Once again, flashes of light from colliding neutron stars have upended our understanding of how the universe works.
Analysis of the short gamma-ray burst at the merger of the two stars revealed that instead of forming a black hole, as expected, the immediate product of the merger was a highly magnetized neutron star much heavier than the estimated maximum mass of the neutron star.
It appears that this magnetar lasted for more than a day before it collapsed into a black hole.
“Such a massive neutron star with such a long life expectancy is not usually thought possible,” said astronomer Nuria Jordana Mitjans of the University of Bath in the UK. Watchman. “It’s a mystery why it was so long-lived.”
Neutron stars are on the spectrum of how a star might end up at the end of its life. For millions or billions (or maybe even trillions) of years, the star will oscillate, a motor fusing the atoms in its hot, compressed core.
Eventually, the star will run out of atoms that can fuse, and at this point, the whole thing explodes. The star ejects its outer mass, and no longer supported by the outward pressure provided by fusion, the core collapses under the inward pressure of gravity.
How these collapsed nuclei are classified depends on the mass of the body. The cores of stars that started out with up to about 8 times the mass of the sun collapse into white dwarfs, which have a maximum mass of 1.4 solar masses, which are compressed into a sphere the size of Earth.
The cores of stars between 8 and 30 solar masses transform into neutron stars, between 1.1 and 2.3 solar masses, in a sphere just 20 kilometers (12 miles) across. According to the theory, larger stars, which exceed the maximum mass of a neutron star, collapse into black holes.
But there is a very noticeable dearth of black holes less than 5 solar masses, so what happens in this mass system is largely a mystery.
This is why neutron star mergers are so exciting to astronomers. Occurs when two neutron stars in a binary system have reached the point of orbital decay where they coalesce into a single neutron star body.
Most binary neutron stars have a combined mass that exceeds the theoretical maximum mass for neutron stars. The products of these mergers are therefore likely to remain constant within the mass gap of the black hole and the neutron star.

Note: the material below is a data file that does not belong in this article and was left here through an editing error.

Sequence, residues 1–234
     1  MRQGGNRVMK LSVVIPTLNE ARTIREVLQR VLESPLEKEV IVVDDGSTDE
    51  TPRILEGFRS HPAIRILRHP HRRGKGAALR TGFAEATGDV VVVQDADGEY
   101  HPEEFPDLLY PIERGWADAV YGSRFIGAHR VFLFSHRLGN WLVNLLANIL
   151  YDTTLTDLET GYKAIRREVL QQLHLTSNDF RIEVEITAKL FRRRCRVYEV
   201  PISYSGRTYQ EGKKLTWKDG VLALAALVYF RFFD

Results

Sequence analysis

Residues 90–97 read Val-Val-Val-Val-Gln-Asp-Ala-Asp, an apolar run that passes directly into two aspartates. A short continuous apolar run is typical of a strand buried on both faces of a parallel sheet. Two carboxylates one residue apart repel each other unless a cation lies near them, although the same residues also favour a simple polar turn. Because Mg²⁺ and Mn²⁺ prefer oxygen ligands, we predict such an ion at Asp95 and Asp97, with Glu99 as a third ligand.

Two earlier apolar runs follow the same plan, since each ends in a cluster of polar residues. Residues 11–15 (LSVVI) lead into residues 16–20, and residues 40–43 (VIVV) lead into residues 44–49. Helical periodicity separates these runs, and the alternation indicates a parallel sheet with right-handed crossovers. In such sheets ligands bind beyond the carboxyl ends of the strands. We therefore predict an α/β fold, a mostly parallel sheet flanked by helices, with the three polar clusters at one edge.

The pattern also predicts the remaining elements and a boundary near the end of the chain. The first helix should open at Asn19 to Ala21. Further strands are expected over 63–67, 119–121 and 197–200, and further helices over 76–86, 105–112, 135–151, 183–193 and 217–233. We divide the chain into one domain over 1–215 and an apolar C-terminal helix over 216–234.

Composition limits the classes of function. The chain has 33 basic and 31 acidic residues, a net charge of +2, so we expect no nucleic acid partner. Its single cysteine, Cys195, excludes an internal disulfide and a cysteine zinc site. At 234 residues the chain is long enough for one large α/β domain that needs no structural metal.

When they collide, binary neutron stars release a burst of high-energy radiation known as a short-period gamma-ray burst. Scientists had thought that these could only be emitted during the formation of a black hole.
But exactly how merging neutron stars turn into a black hole has been a mystery. Does the black hole form instantly, or do the two neutron stars produce a very heavy neutron star that then collapses into a black hole very quickly, a few hundred thousandths of a second after merging?
GRB 180618A was a short-lived gamma-ray burst detected in June 2018, light that has traveled 10.6 billion years to reach us. Jordana-Mitjans and her colleagues wanted to take a closer look at the light emitted by this object: the explosion itself, the kilonova explosion, and the much longer-lived afterglow.
But when they looked at the electromagnetic radiation generated by the event over time, something was off.
The optical emission of the afterglow disappeared 35 minutes after the gamma-ray burst. The team found this was because it was expanding at near the speed of light, accelerated by a continuous power source.
This was consistent not with a black hole, but with a neutron star. And not just any neutron star. It appears to be what we call a magnetar: a field with a magnetic field 1,000 times stronger than that of an ordinary neutron star, and a quadrillion times stronger than that of Earth. It was suspended for more than 100,000 seconds (nearly 28 hours).
Jordana-Mitjans says, “For the first time, our observations highlight multiple signals from a surviving neutron star that lived for at least one day after the death of the original binary of the neutron star.”
What could have helped the magnets to live so long is not clear. It’s possible that the magnetic field gave it a little help, providing an outward drag that kept it from collapsing completely, at least for a little while.
Whatever the mechanism—and this will certainly require further investigation—the team’s work shows that massive neutron stars are capable of giving off short-range gamma-ray bursts, and that we can no longer assume the existence of a black hole.
“These findings are important because they confirm that infant neutron stars can trigger some short-period GRBs and bright emissions across the electromagnetic spectrum that accompany them,” says Jordana-Mitjans.
“This discovery may offer a new way to locate neutron star mergers, and thus emitters of gravitational waves, when we search the sky for signals.”
Research published in Astrophysical Journal.
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